Developing a common infrastructure to support collaboration
The service was centralized around its ‘Data Spine,’ which integrated patient registers, electronic prescription services, summary care records and a patient-facing portal for communicating with health professionals and updating medical details called Health Space. The spine was also expected to support radiology picture archiving, electronic prescription transfer and NHS email.
As a result of NPFIT, the National Health Service (NHS) expected to deliver better, safer and more efficient care by improving clinical decision making, reducing medication errors, speeding up the consultation process and reducing test duplication. By providing patients with easy access to both their personal health records and their medical professionals, the system also aimed to increase patient satisfaction.
However, the implementation of summary care records and Health Space was significantly delayed and eventually scaled back in mid-2011. Many issues, including insufficient clinical engagement, gaps in stakeholder expectations, and problems with technology, held the program back. “Doing things electronically takes time initially and adopting technology is hard,” noted Simon Eccles, Medical Director at NPFIT. “Things will go wrong so the technology has to be flexible.”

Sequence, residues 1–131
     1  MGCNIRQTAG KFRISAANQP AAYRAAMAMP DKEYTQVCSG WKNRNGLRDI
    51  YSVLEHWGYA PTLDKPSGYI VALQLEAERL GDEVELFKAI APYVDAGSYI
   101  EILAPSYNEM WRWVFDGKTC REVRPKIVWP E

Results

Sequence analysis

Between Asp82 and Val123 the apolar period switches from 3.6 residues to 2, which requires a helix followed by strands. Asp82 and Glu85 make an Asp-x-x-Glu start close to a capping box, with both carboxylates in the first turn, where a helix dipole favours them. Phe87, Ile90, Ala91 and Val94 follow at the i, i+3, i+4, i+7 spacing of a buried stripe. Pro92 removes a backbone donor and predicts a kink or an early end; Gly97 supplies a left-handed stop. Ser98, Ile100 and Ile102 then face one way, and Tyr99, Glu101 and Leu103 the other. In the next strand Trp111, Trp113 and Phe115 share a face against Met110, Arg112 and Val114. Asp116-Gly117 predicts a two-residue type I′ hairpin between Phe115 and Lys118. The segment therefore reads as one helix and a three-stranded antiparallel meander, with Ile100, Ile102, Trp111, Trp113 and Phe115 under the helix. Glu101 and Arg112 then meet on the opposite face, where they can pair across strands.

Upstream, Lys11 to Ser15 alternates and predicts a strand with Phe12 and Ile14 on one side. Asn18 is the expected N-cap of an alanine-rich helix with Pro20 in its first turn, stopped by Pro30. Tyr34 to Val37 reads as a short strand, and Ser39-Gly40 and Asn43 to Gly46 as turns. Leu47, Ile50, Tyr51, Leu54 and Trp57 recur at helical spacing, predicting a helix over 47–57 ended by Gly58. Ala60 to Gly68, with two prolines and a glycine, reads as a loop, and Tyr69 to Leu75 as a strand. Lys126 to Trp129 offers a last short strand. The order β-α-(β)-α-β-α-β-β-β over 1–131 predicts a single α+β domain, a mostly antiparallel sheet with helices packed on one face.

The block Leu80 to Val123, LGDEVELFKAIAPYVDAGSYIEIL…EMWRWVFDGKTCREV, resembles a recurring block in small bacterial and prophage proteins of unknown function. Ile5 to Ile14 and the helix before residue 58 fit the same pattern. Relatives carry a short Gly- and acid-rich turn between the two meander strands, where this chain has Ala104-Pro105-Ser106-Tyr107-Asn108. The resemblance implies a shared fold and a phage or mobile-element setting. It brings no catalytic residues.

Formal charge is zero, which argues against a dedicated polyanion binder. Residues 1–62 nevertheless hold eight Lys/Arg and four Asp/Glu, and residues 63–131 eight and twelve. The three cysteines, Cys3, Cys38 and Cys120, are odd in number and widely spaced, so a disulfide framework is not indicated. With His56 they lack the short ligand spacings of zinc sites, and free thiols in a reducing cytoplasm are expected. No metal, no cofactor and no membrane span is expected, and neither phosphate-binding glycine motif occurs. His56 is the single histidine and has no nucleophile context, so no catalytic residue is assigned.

The NPFIT experience provides a number of key lessons to those starting out on an eHealth initiative. For one, its implementation required collaboration between many different sectors: political, clinical, academic, technical, commercial and personal. Differences in values, norms, priorities and methodology for each of these stakeholders were among the most challenging aspects of implementing NPFIT.
It is also important to create a favorable environment before purchasing IT systems and services. The UK system, for example, procured large commercial contracts from IT companies, before creating important structures in information governance, clinical coding and standards and information system architecture. Respondents to our survey also argued that the strategy for national electronic health records should not be left to the IT departments, since this scale of transformation requires fundamental changes to protocols, ways of working and organizational cultures that go far beyond systems implementation.